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MoradM

A question regarding education..

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First of all, hello GD Members.
I'm a new member in these wonderful forums.

I've got a question to ask, and I need help with it:
I'm beginning my education for a Software Engineer B.S.c. in October (which is a 4-year-long program) and my precise aim is to break into the game industry.
Lately, I've been looking also at same B.S.c. programs in Game Development and Game Design, and I figured, when I finish my B.S.c. at Software Engineering I could go and take that program of Game Development/Game Design.
But my question is, will I be able to work in the Game industry using only my Software Programming B.S.c., or do I seriously have to take another 3-year-long program of Game Development B.S.c. to even just get the chance to enroll in the game industry?
What would you advise me to do, GD members? :)

Any help is appreciated, since I'm a bit lost over here....

Thank you!

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Get your SE degree and make plenty of games in your own time while you are studying. You do not need the 'games' degree to work in the industry. Start eyeing off graduate positions now (or even senior positions; you should have goals), so you will be prepared to rock your future employer's socks off with your amazing demos and resume once you graduate. Be awesome.

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Get your SE degree and make plenty of games in your own time while you are studying. You do not need the 'games' degree to work in the industry. Start eyeing off graduate positions now (or even senior positions; you should have goals), so you will be prepared to rock your future employer's socks off with your amazing demos and resume once you graduate. Be awesome.


Sounds like a great plan, thank you!

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I thought i would also ask a question here since my position is similar!

I'm hoping someone knowledgable on the subject can assess my situation and give me some advice! Please :wink:
I'll start by saying I have had a keen interest in making games ever since i discovered "The Games Factory" when i was about 13 :lol:, and i have been playing games ever since i got my first PS1 in primary school. I have always wanted to work in game development and i am now seriously considering it as a career path. I am currently in the final year of a BSc Physics degree at a top 10 university in the UK, where i have learnt the basics of C++ (and Java) from optional modules in my degree course, along with advanced mathematics and physics (including vectors etc.). In my first and second years i obtained a first and i'm aiming to finish with a first overall.

I am wondering whether it would be worth taking a one year course to obtain an MSc in Games Development/Programming* (on a SkillSet recommended course) to help me learn the skills needed for a game industry job, or to just try and teach myself and build up a portfolio? I think i would probably be best suited to a job involving programming/physics or something similar?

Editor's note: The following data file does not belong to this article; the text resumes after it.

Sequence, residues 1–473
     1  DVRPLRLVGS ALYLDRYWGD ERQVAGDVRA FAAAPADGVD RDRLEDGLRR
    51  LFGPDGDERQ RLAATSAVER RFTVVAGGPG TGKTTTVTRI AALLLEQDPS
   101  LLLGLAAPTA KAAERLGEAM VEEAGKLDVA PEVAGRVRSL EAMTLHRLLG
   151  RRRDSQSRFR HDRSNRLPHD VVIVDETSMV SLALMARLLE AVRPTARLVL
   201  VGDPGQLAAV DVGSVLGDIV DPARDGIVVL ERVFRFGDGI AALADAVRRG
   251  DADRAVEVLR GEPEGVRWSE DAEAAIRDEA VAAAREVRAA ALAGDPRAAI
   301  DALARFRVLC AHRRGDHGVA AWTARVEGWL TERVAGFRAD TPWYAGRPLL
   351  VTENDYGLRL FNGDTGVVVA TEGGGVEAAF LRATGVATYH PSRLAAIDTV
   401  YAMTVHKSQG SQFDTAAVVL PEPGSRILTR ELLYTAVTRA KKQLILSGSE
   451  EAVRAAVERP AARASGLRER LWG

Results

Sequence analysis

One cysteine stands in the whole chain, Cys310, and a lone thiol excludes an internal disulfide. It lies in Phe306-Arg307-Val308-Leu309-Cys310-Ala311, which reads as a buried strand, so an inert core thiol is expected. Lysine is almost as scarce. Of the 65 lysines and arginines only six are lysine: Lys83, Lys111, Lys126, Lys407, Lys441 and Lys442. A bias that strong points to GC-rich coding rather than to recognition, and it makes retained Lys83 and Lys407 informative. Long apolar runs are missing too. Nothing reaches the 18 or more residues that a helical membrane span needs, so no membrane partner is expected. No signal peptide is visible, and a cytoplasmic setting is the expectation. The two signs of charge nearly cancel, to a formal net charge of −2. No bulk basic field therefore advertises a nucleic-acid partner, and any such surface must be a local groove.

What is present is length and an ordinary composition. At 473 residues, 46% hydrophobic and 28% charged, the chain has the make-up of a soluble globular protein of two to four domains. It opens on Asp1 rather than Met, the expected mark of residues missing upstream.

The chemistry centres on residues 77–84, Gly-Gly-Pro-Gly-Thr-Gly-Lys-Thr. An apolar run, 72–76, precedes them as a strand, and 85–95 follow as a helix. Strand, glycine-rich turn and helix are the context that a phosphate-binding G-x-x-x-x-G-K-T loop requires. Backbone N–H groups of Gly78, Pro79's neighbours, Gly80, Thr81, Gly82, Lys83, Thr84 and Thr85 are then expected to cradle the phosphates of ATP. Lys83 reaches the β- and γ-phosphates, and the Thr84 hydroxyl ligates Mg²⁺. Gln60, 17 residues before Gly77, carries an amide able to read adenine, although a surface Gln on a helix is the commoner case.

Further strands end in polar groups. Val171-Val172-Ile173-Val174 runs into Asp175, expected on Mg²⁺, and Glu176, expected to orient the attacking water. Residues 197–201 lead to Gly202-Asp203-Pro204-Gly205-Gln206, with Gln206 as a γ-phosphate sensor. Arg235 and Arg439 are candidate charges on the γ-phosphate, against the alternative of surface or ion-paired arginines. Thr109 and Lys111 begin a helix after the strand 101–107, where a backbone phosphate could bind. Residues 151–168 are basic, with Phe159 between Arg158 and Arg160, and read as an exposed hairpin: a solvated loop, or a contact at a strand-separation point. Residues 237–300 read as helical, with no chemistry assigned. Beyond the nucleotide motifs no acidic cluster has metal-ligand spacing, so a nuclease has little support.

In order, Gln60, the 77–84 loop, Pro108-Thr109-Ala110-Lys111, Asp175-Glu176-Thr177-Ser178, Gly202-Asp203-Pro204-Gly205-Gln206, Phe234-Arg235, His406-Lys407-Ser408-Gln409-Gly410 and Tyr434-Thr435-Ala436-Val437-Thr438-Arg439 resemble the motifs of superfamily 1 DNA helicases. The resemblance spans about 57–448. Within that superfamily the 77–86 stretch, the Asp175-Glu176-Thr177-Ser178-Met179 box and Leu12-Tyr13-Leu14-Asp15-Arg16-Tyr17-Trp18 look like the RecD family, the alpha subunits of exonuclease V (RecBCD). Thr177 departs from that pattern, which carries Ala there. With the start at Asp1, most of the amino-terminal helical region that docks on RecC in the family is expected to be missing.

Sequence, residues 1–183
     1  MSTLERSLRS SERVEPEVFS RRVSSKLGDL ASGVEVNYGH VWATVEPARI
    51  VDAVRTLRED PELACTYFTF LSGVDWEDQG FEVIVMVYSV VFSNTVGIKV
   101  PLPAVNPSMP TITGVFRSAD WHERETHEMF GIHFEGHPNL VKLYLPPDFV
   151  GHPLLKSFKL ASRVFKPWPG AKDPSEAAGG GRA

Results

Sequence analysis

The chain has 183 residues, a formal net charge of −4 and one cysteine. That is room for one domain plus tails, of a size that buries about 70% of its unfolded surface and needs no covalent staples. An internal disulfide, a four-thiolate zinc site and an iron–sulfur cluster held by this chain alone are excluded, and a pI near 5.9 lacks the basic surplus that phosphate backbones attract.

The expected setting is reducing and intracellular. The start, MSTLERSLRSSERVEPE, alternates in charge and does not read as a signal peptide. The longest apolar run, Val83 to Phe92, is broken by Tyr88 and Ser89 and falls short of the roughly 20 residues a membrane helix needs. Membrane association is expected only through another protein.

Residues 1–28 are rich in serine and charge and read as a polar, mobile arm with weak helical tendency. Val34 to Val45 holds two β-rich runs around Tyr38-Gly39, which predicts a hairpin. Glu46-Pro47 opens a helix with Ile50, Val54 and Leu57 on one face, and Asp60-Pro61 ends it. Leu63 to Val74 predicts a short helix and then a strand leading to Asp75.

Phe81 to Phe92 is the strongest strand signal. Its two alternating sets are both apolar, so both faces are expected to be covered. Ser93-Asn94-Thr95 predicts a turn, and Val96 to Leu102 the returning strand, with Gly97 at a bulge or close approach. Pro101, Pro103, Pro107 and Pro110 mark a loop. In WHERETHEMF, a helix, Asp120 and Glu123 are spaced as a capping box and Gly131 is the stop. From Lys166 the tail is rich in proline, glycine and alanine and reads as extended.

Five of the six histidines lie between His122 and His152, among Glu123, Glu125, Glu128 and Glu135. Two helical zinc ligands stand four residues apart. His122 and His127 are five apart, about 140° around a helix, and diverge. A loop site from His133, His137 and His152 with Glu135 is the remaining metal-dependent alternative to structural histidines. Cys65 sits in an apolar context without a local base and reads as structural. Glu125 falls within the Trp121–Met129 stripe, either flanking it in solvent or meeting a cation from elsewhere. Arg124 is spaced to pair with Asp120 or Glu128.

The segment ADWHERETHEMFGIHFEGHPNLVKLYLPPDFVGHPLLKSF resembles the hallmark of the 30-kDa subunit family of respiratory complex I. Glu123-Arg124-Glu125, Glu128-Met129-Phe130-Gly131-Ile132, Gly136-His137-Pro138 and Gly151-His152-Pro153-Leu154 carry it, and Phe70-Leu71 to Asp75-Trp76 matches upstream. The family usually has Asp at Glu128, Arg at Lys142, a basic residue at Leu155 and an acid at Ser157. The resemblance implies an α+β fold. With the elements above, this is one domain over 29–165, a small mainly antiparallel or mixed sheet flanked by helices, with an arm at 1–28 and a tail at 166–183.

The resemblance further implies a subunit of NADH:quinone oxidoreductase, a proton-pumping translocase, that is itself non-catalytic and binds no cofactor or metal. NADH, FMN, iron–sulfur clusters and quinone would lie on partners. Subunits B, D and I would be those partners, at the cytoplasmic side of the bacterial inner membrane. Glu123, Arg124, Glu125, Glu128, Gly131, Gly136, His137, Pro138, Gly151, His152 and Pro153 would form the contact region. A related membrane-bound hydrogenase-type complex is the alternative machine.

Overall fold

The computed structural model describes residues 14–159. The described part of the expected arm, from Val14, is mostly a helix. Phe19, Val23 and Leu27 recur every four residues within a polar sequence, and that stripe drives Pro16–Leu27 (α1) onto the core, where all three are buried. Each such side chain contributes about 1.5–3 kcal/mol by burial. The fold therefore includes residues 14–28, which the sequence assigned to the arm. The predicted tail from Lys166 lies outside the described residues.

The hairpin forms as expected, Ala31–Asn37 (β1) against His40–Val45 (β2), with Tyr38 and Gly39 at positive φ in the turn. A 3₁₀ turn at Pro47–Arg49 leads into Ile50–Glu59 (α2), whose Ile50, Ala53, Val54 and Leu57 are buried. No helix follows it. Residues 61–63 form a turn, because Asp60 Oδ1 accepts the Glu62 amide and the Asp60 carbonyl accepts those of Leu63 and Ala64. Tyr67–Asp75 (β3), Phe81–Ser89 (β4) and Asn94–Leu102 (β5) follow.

Thanks for any advice!

Josh

*I have read many conflicting articles on whether Games degrees are worthwhile, but i don't plan on doing another 3/4 years since i have already completed a degree.

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*I have read many conflicting articles on whether Games degrees are worthwhile, but i don't plan on doing another 3/4 years since i have already completed a degree.


...and this is why game degrees are looked down upon and why the general advice is "go for SE/CS degree"; there is no standard. Thus, without any guidelines to write the book, the quality of the material falls completely upon which school is doing the teaching -- both in terms of how well it's taught and how relevant it really is. Not only that, but since there is no way to know what you actually learnt there is no useful metric to go by when HR tries to gauge your skill level from a mere piece of paper.

In the end, only you can decide whether it's worth it or not -- whether you will learn better from a teacher and a structured program or if you prefer blazing your own path of learning. There are a lot of bad game degrees out there; there are some good ones too. Sorting them out is nigh impossible without trying for yourself. One thing that should be mentioned is that even if you do go to a 'game school' or if you take a 'game degree' or whatever -- you'll still have to teach yourself. There will always be material your teachers leave out -- either because they are simply negligent or the curriculum doesn't cover it.

Game related stuff is usually the easier one to teach yourself; math, physics, computer science and software engineering are remarkably much harder. But, again, depends on one's personality and focus.

Good luck! :)

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Good luck! :)


Thanks for your advice!

I guess the best thing for me to do then is to try and teach myself this year and see how far i get, then make a decision later down the line!

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